Detailed description: The surgical removal of third molars is a common surgical procedure performed in dentistry. Surgery to extract an impacted third molar can be due to various reasons such as infection, caries, pain, cyst or tumor formation, or to facilitate orthodontic treatment. Both clinicians and patients are concerned with the postoperative pain following surgery. Rationale for model selection The oral surgery model is well-suited for the measurement of acute pain. The model has been shown to be sensitive to the effects of analgesic drugs and is useful for examining peripheral biochemical measures of drugs in vivo. This model is recommended by the US Food and Drug Administration because patients are usually healthy without complicating medical conditions and most patients have pain for a short, predictable period after surgery. Rationale for drug selection Pain from the surgical incision and tissue manipulation associated with the surgical procedure is instigated immediately. This gives way to inflammatory pain that follows inflammatory cell recruitment to the injured area within the course of several hours. Inflammatory pain generally continues for several days, depending on the nature of the surgical procedure. As a consequence of tissue damage and release of neurogenic inflammatory mediators, there is activation of specific receptors and pathways that can contribute to central sensitization and development of hyperalgesia and persistent pain. While various pharmacological strategies, including the use of opioids, provide adequate attenuation of pain, their use is associated with undesirable side effects, drug interactions, pharmacokinetic variability, and often inadequate dosing, all of which can lead to ineffective analgesia and prolonged suffering. Opioids do not interrupt the inflammatory component of pain. The study drug Caldolor® is an intravenous formulation of ibuprofen which was approved by the FDA in June 2009. Caldolor® is the first injectable product available in the United States for the treatment of pain and fever. This is the first study in dentistry evaluating the use of Caldolor® as a preemptive analgesia. Southworth et al and colleagues randomized 406 patients undergoing elective single-site orthopedic or abdominal surgery to 400 mg intravenous (IV) Caldolor, 800 mg IV Caldolor, or placebo. The results showed that patients in the 800 mg group had a 25. 6% lower median morphine use (P = .026) over the first 24 hours of treatment than the placebo group. Patients in the 400 mg group did not have a lower use of morphine, but both the 400 and 800 mg groups reported less pain at rest and with movement than with placebo. The comparator group Ofirmev® is intravenous acetaminophen and was recently approved by the FDA for the management of mild to moderate pain, the management of moderate to severe pain with adjunctive opioid analgesics, and the reduction of fever. In a study conducted for total abdominal hysterectomy, preemptive IV paracetamol (acetaminophen) 1 g provided good quality postoperative analgesia, with decreased consumption of morphine and minimal side effects. Studies have showed that the use of 1 g of paracetamol as a single intravenous preemptive dose in abdominal surgery with perioperative epidural analgesia did not reduce the analgesic consumption and the intensity of pain in the postoperative period. Use of Pain Scale VAS Pain Scale Score: The primary end point is the clinical report of pain. Pain intensity will be assessed using a 100 mm VAS with anchors of "no pain" and "worst pain imaginable" and a 4-point category scale ("none", "mild", "moderate", and "severe") once pre-operatively and over the post-operative observation period at 30-minute intervals during the post- surgical time. The category scale is included for purposes of obtaining a patient-reported assignment of moderate pain (definition of clinically significant pain), and for computing the cut-offs for pain sensitivity.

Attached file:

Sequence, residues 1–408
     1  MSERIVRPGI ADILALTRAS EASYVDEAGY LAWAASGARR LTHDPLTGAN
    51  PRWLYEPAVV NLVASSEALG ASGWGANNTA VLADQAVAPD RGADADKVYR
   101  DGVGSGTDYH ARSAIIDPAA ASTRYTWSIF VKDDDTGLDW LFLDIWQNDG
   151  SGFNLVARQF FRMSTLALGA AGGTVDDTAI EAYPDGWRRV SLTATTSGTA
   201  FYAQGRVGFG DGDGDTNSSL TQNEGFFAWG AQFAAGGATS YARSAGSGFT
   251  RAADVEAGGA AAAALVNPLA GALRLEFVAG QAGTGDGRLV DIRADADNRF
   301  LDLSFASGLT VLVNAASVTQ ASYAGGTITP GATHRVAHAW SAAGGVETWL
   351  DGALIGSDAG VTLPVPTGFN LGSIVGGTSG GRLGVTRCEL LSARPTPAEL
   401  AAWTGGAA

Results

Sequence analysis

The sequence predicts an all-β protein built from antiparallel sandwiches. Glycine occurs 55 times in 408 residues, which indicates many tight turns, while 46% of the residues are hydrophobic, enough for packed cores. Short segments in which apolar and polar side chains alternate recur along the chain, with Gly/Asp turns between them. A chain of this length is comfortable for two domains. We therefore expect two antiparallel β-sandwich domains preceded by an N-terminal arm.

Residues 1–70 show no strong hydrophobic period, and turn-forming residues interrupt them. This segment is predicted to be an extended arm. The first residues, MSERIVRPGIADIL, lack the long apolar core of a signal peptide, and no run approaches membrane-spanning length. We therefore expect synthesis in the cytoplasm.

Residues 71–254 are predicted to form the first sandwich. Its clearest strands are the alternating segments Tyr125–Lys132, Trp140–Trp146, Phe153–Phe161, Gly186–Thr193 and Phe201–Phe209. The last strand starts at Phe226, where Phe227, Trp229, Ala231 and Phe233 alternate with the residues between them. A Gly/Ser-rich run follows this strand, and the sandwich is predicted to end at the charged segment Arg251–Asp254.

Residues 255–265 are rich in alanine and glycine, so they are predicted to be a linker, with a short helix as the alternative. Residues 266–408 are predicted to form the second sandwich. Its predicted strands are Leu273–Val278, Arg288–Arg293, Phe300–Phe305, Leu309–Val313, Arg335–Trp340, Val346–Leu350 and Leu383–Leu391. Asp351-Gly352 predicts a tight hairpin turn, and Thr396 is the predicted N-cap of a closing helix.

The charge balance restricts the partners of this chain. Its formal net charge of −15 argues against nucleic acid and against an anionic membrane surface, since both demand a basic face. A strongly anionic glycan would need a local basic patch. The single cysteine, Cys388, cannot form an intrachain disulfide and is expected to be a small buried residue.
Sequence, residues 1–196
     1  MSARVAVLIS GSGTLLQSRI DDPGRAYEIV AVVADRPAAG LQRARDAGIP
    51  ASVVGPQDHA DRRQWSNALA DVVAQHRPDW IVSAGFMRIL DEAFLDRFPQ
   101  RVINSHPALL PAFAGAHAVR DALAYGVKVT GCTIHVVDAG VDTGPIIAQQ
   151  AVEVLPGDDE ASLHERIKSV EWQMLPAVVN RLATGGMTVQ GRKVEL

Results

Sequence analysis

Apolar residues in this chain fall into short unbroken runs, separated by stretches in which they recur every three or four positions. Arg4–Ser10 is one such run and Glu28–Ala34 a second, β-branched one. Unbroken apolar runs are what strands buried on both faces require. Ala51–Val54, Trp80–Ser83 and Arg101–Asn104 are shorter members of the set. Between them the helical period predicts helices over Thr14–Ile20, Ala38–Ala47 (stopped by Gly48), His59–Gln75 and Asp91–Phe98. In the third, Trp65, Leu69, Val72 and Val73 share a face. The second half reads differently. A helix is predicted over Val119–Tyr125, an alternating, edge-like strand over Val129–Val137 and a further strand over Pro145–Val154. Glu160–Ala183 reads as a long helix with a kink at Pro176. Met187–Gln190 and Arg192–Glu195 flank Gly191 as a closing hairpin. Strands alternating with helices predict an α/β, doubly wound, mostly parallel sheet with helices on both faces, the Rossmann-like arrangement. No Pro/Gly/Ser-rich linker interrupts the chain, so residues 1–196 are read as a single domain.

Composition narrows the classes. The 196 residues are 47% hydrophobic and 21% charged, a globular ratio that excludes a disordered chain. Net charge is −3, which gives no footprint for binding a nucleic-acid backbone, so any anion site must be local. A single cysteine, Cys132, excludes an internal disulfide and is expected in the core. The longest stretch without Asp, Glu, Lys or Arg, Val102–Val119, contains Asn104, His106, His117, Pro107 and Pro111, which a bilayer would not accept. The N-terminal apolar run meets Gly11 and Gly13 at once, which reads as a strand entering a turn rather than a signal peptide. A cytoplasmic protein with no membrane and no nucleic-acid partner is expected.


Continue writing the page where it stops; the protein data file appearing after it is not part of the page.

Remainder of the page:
Eligibility